On the physical side, today I woke up and the fibromyalgia was "back."  I put that in quotes because it really never went away.  My every night ritual is to wash my face, brush my teeth, and hand Justin the Icy Hot roller for my shoulders.  It's the only way I can sleep.  Everything from the lower shoulder blades up hurts.  If I lie in one position long enough, I can't move.  My right hip thinks I insulted it and refuses to just go already.  Fibro is the reason I don't want to get up in the morning.  Well that and the depression that lingers in the back of my mind, like the relative that came for a weekend and then decided to stay, all the while stinking like three day old fish.

I guess what I'm trying to say is that mentally, I'm probably not quite there yet.  Of course, a lot of creative people had mental problems.  Picasso cut his ear off.  Lincoln had dark depressions.  Hemingway drank himself stinky every day and then killed himself.  It's kind of a well known fact that a lot of really famous, really talented people were bipolar.  So, I'm in good company.  I don't find it much comfort, but I do think it might make me a better writer.  I told my psychiatrist recently, "Please don't medicate me so I can't write."  He gets it.

Physically, though, things seemed to really start going downhill when I hit forty.  I mentioned in an earlier post that I fell off the couch and broke two ribs.  That would be the osteopenia (precursor to osteoporosis) that showed up a few years back.  The fibro seems to get worse  with age, not better.  The arthritis makes me walk like I'm eighty and I only just turned forty-six.  I have terrible depth perception and it's not getting better with age, leading to running into things that are obviously there and Justin to wonder if I need new glasses.  Or if maybe I should pay more attention.  (Probably the latter.)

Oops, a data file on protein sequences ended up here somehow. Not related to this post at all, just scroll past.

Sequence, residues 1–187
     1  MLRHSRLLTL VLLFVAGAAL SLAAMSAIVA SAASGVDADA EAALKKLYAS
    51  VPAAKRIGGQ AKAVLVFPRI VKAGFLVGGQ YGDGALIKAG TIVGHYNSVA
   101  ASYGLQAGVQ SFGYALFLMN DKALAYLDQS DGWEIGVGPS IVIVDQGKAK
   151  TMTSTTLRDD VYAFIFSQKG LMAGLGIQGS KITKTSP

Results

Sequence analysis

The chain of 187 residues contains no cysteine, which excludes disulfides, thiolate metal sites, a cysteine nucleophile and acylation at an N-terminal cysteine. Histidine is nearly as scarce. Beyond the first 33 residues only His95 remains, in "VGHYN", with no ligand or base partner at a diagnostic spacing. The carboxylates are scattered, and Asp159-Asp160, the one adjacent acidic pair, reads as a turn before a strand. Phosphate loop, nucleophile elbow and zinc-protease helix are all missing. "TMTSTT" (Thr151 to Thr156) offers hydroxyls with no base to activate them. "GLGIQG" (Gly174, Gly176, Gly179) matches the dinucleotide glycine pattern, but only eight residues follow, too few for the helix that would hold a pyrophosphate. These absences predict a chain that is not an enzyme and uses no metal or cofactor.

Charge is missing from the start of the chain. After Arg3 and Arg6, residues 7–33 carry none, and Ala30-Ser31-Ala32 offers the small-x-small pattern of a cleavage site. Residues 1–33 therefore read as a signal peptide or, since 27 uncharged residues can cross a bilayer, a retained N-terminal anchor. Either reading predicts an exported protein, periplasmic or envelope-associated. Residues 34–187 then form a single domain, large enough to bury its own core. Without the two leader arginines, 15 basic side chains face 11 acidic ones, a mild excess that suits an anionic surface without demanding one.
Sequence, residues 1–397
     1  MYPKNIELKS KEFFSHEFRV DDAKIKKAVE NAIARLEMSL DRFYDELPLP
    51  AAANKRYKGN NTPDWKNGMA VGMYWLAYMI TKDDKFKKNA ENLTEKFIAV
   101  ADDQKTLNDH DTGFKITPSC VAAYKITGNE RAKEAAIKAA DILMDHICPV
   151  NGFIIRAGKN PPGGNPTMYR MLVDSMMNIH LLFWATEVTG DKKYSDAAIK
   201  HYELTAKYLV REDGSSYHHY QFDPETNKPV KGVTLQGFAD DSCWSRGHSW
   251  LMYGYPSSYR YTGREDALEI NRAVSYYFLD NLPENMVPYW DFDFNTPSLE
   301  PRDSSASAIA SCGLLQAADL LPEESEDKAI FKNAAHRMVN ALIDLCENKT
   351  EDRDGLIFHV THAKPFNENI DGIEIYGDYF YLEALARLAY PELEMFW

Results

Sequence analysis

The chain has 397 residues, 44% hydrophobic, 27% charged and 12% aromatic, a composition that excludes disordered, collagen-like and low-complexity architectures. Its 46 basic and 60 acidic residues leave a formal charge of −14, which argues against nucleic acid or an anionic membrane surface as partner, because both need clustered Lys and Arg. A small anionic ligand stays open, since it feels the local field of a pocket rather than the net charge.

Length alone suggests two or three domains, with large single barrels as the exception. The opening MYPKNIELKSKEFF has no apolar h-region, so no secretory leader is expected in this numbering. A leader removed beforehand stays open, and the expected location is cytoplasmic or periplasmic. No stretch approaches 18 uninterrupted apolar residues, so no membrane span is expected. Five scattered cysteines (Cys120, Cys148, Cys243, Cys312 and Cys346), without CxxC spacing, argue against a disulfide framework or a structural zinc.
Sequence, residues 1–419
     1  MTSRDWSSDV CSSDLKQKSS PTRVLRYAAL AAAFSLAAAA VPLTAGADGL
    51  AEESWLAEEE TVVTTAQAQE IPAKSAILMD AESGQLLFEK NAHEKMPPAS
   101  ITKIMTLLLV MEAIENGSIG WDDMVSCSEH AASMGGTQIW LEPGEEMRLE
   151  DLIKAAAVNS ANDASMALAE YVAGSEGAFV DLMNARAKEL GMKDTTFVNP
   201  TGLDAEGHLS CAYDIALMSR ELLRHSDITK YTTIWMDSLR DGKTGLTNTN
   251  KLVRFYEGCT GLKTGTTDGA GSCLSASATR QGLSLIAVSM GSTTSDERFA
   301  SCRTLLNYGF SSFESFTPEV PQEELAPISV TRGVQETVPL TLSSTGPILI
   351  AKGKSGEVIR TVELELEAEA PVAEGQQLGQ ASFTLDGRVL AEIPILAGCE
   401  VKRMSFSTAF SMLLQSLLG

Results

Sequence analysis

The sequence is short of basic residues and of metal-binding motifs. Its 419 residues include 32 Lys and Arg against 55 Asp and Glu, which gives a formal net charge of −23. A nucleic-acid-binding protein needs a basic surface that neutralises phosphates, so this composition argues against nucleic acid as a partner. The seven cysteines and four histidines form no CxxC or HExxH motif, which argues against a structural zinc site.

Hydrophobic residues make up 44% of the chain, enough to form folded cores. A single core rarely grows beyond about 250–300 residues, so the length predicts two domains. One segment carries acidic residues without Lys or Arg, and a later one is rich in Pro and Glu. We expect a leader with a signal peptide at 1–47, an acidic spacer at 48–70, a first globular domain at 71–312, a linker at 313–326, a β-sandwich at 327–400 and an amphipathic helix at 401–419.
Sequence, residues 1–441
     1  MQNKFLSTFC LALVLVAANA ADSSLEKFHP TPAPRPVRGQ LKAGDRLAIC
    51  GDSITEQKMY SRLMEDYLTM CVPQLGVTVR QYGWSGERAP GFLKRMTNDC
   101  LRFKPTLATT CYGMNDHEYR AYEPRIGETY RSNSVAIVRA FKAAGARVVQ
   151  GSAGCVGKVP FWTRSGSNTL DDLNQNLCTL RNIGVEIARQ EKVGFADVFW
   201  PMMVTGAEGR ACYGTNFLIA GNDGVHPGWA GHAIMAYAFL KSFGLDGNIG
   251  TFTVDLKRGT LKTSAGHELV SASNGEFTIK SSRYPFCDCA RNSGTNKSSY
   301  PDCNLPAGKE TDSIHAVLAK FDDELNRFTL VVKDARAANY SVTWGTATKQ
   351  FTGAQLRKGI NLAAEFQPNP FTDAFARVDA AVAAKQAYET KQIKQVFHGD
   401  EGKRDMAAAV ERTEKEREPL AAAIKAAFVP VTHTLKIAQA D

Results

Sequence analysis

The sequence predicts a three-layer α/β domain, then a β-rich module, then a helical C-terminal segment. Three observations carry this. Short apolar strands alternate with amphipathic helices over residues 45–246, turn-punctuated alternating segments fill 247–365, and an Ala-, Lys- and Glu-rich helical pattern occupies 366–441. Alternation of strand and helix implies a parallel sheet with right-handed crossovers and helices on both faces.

Justin keeps telling me to exercise.  I know he's right, but the bitch of fibro and arthritis is that it hurts to move, so the last thing you want to do is get off the heating pad.  I had hoped getting the dog would encourage me to get out and walk.  Unfortunately, my strength is not good and the dog is now much stronger than I am and he actually walks me when I try.  I could do the therapeutic swimming at the rehab center, but that would involve going out of the house on a regular basis, which brings me back to my mental problems, one of which is anxiety about leaving the house and panic around people I don't know.  I have serious social phobias.

In all seriousness, I asked Justin yesterday if he thought I might have Asperger's Syndrome that had never been diagnosed.  Sadly, he said no, he thought it really was just social phobia.  I think Asperger's is actually easier to understand.  When Joey says he's really fine playing by himself, I get it.  But I am a people person, which is why I thought working would be good for me.  It got me out of the house and around other people.  Unfortunately, my inability to sustain that good first impression had to come out.  I suspect it was at the root of most of the "talks" I had with my boss over the last thirteen months.

The long and short of this message is that I've come to the conclusion that the only way I'm ever going to be "employed" again is to write, write, write, because it's one thing I do well and I don't need to impress other people to do it.  And I can take lots of breaks for the physical stuff.  It's the perfect solution.  And if I ever manage to cobble together something that resembles a novel, maybe they'll pay me enough to actually allow Justin to relax and work in something he likes to do, like maybe that landscape design he's talked about for so long.  Or go to chef school.  I think, after all these years, I owe him that novel.  He's certainly put up with me enough for me to try to give him that.